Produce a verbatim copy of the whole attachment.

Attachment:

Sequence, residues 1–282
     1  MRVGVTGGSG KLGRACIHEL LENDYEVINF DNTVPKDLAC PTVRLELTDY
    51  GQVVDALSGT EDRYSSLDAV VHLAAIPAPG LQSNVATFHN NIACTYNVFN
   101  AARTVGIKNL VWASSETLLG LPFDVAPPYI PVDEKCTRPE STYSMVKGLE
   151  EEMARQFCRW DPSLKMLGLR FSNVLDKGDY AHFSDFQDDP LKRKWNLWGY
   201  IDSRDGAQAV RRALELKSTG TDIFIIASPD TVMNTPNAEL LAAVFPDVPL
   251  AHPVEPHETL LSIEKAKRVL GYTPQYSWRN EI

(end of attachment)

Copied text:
Sequence, residues 1–282
     1  MRVGVTGGSG KLGRACIHEL LENDYEVINF DNTVPKDLAC PTVRLELTDY
    51  GQVVDALSGT EDRYSSLDAV VHLAAIPAPG LQSNVATFHN NIACTYNVFN
   101  AARTVGIKNL VWASSETLLG LPFDVAPPYI PVDEKCTRPE STYSMVKGLE
   151  EEMARQFCRW DPSLKMLGLR FSNVLDKGDY AHFSDFQDDP LKRKWNLWGY
   201  IDSRDGAQAV RRALELKSTG TDIFIIASPD TVMNTPNAEL LAAVFPDVPL
   251  AHPVEPHETL LSIEKAKRVL GYTPQYSWRN EI